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Week 2

On Jan 8th after breakfast in the morning, our day started off with a lecture by Dr. Dario Parra Ortega on Current Economic Policies of Current Mexican Government. The title of his presentation was Mexico: 27 Years of Economic Mismanagement. We learned about the economic policies of a renowned economist,...

On Jan 8th after breakfast in the morning, our day started off with a lecture by Dr. Dario Parra Ortega on “Current Economic Policies of Current Mexican Government.” The title of his presentation was “Mexico: 27 Years of Economic Mismanagement.” We learned about the economic policies of a renowned economist, Ortiz Mena, who helped in the industrial development of industrial economy. Dr. Ortega was very critical about the Mexican government and mentioned how it has handled the global recession in the wrong way by reducing governmental expenses, increasing taxes by the concept of tax elusion instead of evasion. These wrong methods have reduced Mexico’s GDP from 6.6 percent to -7 percent. It was a very interesting class where we got to see and hear an inside perspective of the works of the Mexican government. We then headed to downtown Puebla where we visited Museo Amparo, an archeological museum showcasing different civilizations like Teotihuacan, Olmec, etc. We also saw different ceramics that were used by the Mayans, mainly the elite ones, for special purposes. Then we went to the Old City of Puebla which is a Colonial town. There we went to the Catedral de Puebla. It was beautiful with its gold-plated altars. After the tour of the town, we headed to the local mall called Angelopolis where we had dinner and did a little bit of shopping.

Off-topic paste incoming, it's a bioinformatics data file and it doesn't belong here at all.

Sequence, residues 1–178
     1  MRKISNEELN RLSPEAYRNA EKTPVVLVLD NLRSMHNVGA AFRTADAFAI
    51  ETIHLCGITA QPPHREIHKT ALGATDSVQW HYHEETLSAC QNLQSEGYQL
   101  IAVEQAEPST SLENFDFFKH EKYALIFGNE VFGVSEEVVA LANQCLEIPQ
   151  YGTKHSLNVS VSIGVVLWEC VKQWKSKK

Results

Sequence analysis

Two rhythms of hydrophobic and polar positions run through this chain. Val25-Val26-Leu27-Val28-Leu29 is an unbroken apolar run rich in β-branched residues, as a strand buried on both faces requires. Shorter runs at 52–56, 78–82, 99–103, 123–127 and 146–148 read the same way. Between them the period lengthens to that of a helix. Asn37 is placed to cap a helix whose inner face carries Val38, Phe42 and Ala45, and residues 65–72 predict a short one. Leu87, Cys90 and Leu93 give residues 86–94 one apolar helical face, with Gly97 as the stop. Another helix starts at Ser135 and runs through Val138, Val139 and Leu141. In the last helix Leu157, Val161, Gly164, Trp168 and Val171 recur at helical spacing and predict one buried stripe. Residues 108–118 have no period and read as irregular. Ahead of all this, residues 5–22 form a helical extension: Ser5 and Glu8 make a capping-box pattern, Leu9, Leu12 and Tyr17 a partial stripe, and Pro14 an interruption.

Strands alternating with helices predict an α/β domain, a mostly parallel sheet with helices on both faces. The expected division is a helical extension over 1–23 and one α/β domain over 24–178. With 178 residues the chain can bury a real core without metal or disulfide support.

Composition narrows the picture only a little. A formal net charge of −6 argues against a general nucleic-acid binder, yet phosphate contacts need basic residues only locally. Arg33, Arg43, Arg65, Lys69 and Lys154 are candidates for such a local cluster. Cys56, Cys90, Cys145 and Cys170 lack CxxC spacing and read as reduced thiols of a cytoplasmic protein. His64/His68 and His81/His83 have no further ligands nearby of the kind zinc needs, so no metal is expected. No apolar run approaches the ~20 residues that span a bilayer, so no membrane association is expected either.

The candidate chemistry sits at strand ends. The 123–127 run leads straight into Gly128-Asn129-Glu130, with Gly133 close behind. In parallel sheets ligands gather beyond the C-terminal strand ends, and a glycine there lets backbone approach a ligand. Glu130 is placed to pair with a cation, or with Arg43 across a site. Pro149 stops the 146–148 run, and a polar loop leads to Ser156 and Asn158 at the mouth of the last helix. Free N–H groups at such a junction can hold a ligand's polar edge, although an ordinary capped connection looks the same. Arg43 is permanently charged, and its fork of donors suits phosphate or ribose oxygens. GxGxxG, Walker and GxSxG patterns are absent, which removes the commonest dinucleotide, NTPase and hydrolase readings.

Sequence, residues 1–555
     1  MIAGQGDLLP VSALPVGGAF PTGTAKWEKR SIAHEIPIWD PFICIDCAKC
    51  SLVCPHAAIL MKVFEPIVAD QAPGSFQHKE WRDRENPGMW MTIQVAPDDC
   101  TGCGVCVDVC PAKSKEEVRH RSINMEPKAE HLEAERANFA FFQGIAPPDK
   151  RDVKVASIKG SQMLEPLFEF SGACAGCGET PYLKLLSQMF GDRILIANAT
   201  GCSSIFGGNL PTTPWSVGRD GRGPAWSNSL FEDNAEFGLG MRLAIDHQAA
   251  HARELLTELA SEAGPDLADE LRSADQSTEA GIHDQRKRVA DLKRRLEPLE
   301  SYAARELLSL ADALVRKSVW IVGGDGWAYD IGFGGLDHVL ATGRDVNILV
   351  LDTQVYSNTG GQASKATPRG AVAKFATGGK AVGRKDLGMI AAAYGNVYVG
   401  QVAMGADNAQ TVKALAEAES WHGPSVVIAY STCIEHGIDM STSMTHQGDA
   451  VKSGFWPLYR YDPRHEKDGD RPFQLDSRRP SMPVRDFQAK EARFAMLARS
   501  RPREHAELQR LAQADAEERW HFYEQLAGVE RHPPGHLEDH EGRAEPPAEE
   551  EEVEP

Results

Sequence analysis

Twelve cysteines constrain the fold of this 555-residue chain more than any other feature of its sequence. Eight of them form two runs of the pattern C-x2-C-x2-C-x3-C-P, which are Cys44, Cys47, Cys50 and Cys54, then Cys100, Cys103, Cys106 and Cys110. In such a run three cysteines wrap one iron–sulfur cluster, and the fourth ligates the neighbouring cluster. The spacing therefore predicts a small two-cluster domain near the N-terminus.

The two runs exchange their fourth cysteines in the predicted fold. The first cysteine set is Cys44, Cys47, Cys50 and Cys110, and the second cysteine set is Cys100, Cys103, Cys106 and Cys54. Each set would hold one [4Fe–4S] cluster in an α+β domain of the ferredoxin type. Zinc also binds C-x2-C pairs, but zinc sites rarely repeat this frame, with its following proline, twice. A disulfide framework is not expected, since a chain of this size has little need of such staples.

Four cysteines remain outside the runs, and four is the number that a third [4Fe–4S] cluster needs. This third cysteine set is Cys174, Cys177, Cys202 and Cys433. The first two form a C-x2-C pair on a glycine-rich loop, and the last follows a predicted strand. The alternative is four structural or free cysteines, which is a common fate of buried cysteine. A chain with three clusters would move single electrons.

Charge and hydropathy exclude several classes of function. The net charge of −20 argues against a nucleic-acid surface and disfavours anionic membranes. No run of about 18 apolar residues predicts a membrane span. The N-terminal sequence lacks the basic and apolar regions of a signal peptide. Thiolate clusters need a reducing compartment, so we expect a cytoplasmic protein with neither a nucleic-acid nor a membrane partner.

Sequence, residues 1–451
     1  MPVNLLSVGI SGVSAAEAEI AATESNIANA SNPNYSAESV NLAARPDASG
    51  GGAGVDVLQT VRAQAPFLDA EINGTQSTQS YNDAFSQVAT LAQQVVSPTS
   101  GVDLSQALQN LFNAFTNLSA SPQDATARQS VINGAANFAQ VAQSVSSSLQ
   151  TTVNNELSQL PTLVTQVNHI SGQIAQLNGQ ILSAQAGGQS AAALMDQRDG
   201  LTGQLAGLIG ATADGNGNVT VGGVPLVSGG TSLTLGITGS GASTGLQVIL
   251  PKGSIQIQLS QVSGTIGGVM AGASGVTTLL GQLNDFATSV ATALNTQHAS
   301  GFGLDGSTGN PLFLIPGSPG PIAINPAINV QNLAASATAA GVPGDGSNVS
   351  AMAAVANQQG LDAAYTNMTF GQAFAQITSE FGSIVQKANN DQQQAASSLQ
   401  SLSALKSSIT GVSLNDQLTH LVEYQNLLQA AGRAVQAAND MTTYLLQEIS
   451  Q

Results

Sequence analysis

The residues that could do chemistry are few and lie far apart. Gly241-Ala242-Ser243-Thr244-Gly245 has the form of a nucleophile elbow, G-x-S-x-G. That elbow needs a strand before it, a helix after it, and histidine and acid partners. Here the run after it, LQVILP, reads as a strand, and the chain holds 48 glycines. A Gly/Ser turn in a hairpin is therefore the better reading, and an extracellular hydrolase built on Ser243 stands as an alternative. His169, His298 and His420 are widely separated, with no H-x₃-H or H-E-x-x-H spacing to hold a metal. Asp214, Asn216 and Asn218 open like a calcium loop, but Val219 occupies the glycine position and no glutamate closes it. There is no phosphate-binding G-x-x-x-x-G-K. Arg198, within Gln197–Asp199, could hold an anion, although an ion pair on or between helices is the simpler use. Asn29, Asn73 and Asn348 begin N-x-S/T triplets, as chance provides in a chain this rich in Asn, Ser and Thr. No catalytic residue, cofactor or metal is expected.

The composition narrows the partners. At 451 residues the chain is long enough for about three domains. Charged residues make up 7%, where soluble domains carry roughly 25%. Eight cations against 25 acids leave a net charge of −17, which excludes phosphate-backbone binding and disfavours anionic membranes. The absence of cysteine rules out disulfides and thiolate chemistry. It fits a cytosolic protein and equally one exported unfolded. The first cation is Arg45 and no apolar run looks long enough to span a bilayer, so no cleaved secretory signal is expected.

On Jan 9th, we met at 9 am and then embarked for a four-hour journey to Oaxaca. Even though I was sleepy, the scenery took my breath away. It was truly diverse and magnificent. It ranged from the colonial city of Puebla, to the semi-desert plains and to the mountains of Oaxaca. We also saw cactus forests and took pictures on the way. We also watched August Rush on our way to Oaxaca which caught everyone’s attention on the bus. Our guide informed us that the name of the state as well as the capital city, "Oaxaca," comes from the Nahuatl word "Huaxacac," meaning "in the nose of the squash." We walked downtown and visited the chocolate manufacturing shop. The worker demonstrated how cocoa fruit was transformed into chocolate by grinding the seeds in a special machine. After that, I along with some friends did something that at least I had never dreamed of: WE ATE GRASSHOPPERS!! It is one of the local delicacies of Oaxaca. It was a fabulous and unique experience. We then enjoyed the architecture of the Cathedral and of the Santo Domingo Temple. We also enjoyed the great night life offered by the city as some of us went to as many as three different types of clubs.